With Canada’s second anniversary of legalization fast approaching, Ontario lawyer Harrison Jordan decided there was no better way to celebrate than to fix the Cannabis Act.
So he wrote a list of 10 modifications to the act that he says would be easy to adopt and would help bring nearly 100 per cent of cannabis consumers to the legal market.
His list has been read by Health Canada and picked up by advocacy group NORML Canada, which published all 10 of the recommendations in its August newsletter.
“We want to make changes that are industry friendly, that are consumer friendly, that are civil rights friendly — but also keep the tenets of the preamble of the Cannabis Act alive: protecting youth, limiting use,” Jordan said. “We can do that while implementing 10 recommendations that would make the Cannabis Act really kick ass from a good public policy perspective.”
Statistics Canada recently reported that, for the first time, over half of Canadians are buying their cannabis from licit sources. Jordan says adopting his recommendations could bring close to 100 per cent of consumers to the legal side of the market.
The 10 modifications aren’t what some people would like to see: the market completely opened up and cannabis regulated the same as tomatoes, he said. But for actual change to take place the 10 amendments needed to be palatable for consumers and regulators alike.
In recent months, Health Canada has signalled it could be open to more progressive policies. For example, one recent update affecting production facilities means that if part of a room is licensed the entire room is licensed, rather than just section of it.
Here are Jordan’s 10 modifications to fix the Cannabis Act:
Scrap the 30-gram purchasing limit.
People can buy cases of wine to stock up their wine cellar, why not let them stock up their cannabis cellar too? Removing a purchasing limit would allow people to buy a two-four of cannabis-infused drinks and allow people with higher tolerances to actually buy what they need, Jordan said.
Read more: Free the cannabis six-pack
To keep regulators happy, Jordan proposes keeping a 30-gram limit on open cannabis, or cannabis that had its packaging seal broken or stickers removed.
Give people stronger joints.
It’s inconsistent to sell 30 one-gram joints but not allow people to buy a single two-gram joint, he said. Let people buy two-gram joints, or let them buy joints with flower and concentrate mixed in for an extra kick.
Allow medical retailers to have storefronts.
It’s usually cheaper and faster to buy recreational than medical. Storefronts would help connect producers and patients and ease the process.
Regulate cannabis health products.
This would allow for regulated sales of health products that contain weed. With that regulation there would be an increase in pharmacists and doctors who specialize in cannabis and how it interacts with other drugs. Allowing customers to connect with these specialists could avoid potential negative drug interactions.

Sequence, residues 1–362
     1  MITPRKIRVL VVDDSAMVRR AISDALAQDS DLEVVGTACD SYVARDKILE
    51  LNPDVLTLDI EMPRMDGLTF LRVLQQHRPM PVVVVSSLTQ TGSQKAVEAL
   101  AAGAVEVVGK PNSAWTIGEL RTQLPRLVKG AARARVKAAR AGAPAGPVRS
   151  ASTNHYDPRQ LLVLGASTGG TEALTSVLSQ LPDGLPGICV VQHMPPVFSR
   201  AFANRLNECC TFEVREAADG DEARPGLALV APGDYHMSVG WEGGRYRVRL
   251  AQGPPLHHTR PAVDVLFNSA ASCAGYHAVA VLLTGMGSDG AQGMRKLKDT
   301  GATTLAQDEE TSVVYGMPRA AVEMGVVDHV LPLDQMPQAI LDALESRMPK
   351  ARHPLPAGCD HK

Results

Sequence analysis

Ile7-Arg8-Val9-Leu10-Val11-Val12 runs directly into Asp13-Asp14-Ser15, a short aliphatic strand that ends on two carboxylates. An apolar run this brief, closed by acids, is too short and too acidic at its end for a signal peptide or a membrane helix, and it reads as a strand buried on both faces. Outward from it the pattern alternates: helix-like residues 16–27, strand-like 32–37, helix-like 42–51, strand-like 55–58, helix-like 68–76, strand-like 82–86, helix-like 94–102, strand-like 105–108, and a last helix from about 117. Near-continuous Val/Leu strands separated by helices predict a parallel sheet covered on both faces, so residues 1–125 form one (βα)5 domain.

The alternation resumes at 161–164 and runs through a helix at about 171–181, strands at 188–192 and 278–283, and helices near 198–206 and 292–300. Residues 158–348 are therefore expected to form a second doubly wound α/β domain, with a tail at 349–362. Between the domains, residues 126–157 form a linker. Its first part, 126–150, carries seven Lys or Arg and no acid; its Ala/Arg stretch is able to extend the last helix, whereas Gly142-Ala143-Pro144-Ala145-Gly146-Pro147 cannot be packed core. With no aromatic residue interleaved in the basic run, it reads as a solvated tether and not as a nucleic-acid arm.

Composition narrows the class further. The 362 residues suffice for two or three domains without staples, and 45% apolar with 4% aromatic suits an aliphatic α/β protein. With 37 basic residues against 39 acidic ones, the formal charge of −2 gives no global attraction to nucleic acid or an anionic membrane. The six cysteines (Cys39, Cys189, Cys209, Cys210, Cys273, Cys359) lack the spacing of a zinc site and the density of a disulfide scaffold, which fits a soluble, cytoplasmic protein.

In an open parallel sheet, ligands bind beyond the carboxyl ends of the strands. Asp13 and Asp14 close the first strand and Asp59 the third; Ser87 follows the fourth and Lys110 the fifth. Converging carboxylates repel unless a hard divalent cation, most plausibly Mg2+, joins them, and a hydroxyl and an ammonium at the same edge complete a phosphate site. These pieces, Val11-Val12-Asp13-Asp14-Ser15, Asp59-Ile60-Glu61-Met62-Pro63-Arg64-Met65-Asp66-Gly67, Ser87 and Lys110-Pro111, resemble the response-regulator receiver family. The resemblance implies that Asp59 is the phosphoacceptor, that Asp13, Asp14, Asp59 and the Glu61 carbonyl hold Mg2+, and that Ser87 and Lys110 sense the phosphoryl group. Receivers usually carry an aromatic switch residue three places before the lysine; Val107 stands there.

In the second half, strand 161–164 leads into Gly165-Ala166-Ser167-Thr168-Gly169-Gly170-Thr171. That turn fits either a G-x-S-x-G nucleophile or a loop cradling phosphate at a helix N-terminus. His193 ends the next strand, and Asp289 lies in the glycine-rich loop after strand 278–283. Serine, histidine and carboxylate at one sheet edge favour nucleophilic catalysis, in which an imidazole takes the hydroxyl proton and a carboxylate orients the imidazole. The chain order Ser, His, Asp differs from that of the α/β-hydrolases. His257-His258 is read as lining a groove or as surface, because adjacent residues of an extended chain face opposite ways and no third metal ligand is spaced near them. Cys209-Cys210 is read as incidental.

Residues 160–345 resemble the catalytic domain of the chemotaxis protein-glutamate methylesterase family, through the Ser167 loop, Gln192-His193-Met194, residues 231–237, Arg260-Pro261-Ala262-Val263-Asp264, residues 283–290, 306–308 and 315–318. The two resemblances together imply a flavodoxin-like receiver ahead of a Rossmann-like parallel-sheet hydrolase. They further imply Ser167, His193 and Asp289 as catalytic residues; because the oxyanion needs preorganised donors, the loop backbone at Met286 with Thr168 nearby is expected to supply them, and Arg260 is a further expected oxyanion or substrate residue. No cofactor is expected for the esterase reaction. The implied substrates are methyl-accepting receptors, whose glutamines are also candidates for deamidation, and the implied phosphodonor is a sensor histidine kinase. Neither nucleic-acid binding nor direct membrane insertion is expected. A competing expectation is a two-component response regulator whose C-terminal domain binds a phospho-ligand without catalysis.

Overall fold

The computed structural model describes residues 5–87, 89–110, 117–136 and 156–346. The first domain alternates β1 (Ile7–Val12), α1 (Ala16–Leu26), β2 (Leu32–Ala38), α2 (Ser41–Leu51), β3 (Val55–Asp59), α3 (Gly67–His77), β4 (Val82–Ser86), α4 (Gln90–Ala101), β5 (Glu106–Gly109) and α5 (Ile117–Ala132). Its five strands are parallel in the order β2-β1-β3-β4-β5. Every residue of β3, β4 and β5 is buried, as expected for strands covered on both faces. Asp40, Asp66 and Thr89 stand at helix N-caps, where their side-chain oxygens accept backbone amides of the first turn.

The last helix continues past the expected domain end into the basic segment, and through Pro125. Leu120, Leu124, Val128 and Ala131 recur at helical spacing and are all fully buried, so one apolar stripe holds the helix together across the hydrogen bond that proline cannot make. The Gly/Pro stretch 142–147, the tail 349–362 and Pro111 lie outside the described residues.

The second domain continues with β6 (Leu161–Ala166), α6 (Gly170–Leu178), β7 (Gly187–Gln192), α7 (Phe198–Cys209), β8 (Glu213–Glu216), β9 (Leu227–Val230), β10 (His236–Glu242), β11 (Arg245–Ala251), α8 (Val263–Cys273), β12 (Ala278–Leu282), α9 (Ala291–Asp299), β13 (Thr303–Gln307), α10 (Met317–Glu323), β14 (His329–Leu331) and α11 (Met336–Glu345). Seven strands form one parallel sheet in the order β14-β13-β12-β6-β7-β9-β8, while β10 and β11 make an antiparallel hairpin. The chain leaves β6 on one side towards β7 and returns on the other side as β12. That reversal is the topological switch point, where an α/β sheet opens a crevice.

Edibles should have up to 25 milligrams of THC per unit and 10 units per package for a total of 250 milligrams per package.
Not a single heavy user buys edibles from the regulated market because of the 10-milligram limit, Jordan says. Creating packages with up to 250 milligrams spread out over 10 units would not only prevent scenarios of accidentally eating too-potent chocolate bars and getting blasted, but would encourage people with higher tolerances to seek legal edibles too.
He’s heard the argument that edibles shouldn’t have a limit, but says regulations still need to speak Health Canada’s language and find a happy medium.
Not-for-profit cooperatives shouldn’t have to pay licence holder recovery fees.
This would allow for smaller producers to offer competitively priced products, Jordan says.
Remove the federal offence for youth possession of cannabis.
When the Cannabis Act was first introduced, only the federal government had a rule against youth possessing cannabis, Jordan said. Since then all of the provinces have created their own rules to punish youth for simple possession. It’s better for a young person to build their life with a provincial record than a federal record, he says.
Scrap the simple possession charge for illicit cannabis up to 30 grams.
A lot of the time when cops catch people with a couple grams of illicit weed they ignore it, Jordan says. But when the law is enforced, it’s almost guaranteed to impact marginalized people more, so why not just scrap it altogether?
Print terpene percentage on packaging.
This helps empower the consumer by giving them an idea of what the product will be like before they buy it. There’s evidence to suggest terpenes play a strong role in the overall experience of weed, and there’s no way of smelling a flower’s bouquet — or so-called terpene profile — through Health Canada-regulated packaging.
Test products for all cannabinoids, not just THC and CBD.
If any cannabinoid has more than a 0.3 per cent potency it should be listed on the packaging, he said. This will help consumers understand what kind of high or experience they will get from a product.
Jordan says he knows it’s a long shot to get all 10 recommendations implemented, but feels even one could make a positive impact on the industry. He encourages anyone who agrees with the recommendations to contact their Member of Parliament. Anyone wanting to collaborate and improve the list can contact Jordan through his Twitter.
Top image by Darrin Harris Frisby via the Drug Policy Alliance
Correction: An earlier version of this story suggested there should be a 150-gram purchasing limit. Jordan is proposing to scrap the limit entirely.